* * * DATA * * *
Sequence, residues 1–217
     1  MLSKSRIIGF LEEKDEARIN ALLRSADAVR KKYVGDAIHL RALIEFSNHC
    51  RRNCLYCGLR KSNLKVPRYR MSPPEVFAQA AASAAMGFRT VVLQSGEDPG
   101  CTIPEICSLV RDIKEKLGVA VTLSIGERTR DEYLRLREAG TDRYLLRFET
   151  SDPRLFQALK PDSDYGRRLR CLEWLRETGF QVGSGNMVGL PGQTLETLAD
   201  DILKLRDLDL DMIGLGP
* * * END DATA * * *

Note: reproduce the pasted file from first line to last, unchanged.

Sequence, residues 1–217
     1  MLSKSRIIGF LEEKDEARIN ALLRSADAVR KKYVGDAIHL RALIEFSNHC
    51  RRNCLYCGLR KSNLKVPRYR MSPPEVFAQA AASAAMGFRT VVLQSGEDPG
   101  CTIPEICSLV RDIKEKLGVA VTLSIGERTR DEYLRLREAG TDRYLLRFET
   151  SDPRLFQALK PDSDYGRRLR CLEWLRETGF QVGSGNMVGL PGQTLETLAD
   201  DILKLRDLDL DMIGLGP